Today’s guest post comes from Melanie. She is a Human Resources professional in the Toronto area who is married, with two young children. She blogs about financial life as a family of four and the challenges that come with it at Finance For Four.
I know – it’s hard to feel bad for someone when they tell you that they have extra cash, and they’re not sure how to spend it. If someone had presented me with this scenario while I was paying down all my consumer debt, I would have had a hard time trying to keep a straight face while trying to help them with their tough “scenario”. And if I was still paying down my debt, the answer is that it all would have gone straight to the debtor of choice!
But, fortunately, now that I have paid down all of my consumer debt, and my husband will be receiving his annual bonus from his company, we are faced with that very question – what to do with the extra money. Both of us agree that it cannot be absorbed into our regular cash flow. But we are unclear as to what we want to do with it. A big part of us wants to spend something on the house – we desperately need new couches, we would love to replace our ripped linoleum kitchen floor with ceramic tile (and add a backsplash while we’re at it), and we were so strict while we were paying down our debt that we hadn’t been spending anything to improve the inner appearance of our house. But the other part of us feels that we should be acting “responsible” with this money, and choosing to either pay down the mortgage, or invest the extra cash. We could also do a combination of both the reno and the responsible part. But how to decide?!
Currently we are “between” financial advisors. With two small children, I have neither the time nor the energy to learn how to manage my own investments on an active daily basis. This doesn’t mean that I don’t know what’s going on with our financial picture – but I don’t have the knowledge to actively invest our dollars on a daily or weekly basis. We have been asking friends to recommend their financial advisors and going through sort of an interview process to determine which one best fits our needs, and can help us maximize our savings potential. This is a question that I love to ask them to see what their response is. I don’t think that there is necessarily a right or wrong answer – but I really like to see the reasoning behind the answer that they give.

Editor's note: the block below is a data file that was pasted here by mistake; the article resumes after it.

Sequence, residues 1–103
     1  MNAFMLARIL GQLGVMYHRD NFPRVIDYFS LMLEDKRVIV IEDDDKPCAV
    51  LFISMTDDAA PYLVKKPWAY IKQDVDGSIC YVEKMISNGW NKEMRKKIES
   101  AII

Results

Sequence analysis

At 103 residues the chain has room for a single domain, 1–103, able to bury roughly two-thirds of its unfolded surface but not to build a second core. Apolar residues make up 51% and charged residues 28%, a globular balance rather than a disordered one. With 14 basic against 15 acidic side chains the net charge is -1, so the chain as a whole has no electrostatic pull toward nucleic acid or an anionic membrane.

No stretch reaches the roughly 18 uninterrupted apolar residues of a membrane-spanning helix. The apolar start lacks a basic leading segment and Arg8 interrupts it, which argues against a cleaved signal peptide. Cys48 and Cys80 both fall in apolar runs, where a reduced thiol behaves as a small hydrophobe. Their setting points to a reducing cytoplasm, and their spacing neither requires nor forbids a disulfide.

The argument towards prepaying the mortgage is pretty obvious – pay extra towards the principal on your mortgage, and you save a boatload of interest. Especially true in the first five years of paying down a mortgage, when you are primarily paying interest rather than principle (Usually I need to have had at least one glass of wine before I venture to look at my annual mortgage statement!) However, there are also many who feel that paying down the mortgage versus putting the money in your RRSP (read: similar to 401K but Canadian Style) is not the best long term investment. Depending on the return that your investment can achieve, over the course of the next ten years, this extra cash may work harder for me in an investment capacity.
In some ways, I have to think: What Would Ninja Do?
After some serious pondering, we decided to spend about half of the bonus on our house. The new leather couches are awesome, and the kitchen renos, as you can see below turned out amazing….
Now we have about half of the bonus left and are leaning towards going with the mortgage payment this time around. Since this is an annual salary, maybe we could split it up – invest one year, prepay the mortgage the next? I will leave it open to Ninja’s wise readers to provide their input and opinion on what they would recommend. Have you faced this situation before? Which did you choose? Which would you choose if you had the option, and why?